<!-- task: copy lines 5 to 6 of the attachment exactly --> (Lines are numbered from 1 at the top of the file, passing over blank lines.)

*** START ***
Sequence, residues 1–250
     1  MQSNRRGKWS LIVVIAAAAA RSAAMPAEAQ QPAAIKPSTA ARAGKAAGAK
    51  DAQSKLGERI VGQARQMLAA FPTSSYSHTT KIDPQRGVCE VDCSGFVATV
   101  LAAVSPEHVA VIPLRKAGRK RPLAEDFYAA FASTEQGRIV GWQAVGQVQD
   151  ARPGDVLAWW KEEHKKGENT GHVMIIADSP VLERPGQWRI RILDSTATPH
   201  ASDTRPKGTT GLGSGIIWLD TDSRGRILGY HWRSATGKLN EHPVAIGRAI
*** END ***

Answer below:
   151  ARPGDVLAWW KEEHKKGENT GHVMIIADSP VLERPGQWRI RILDSTATPH
   201  ASDTRPKGTT GLGSGIIWLD TDSRGRILGY HWRSATGKLN EHPVAIGRAI